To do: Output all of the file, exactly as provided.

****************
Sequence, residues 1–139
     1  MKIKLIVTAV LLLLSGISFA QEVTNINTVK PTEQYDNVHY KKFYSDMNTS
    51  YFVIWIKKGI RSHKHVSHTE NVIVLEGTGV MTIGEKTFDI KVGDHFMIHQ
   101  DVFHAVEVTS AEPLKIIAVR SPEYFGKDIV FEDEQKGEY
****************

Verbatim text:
Sequence, residues 1–139
     1  MKIKLIVTAV LLLLSGISFA QEVTNINTVK PTEQYDNVHY KKFYSDMNTS
    51  YFVIWIKKGI RSHKHVSHTE NVIVLEGTGV MTIGEKTFDI KVGDHFMIHQ
   101  DVFHAVEVTS AEPLKIIAVR SPEYFGKDIV FEDEQKGEY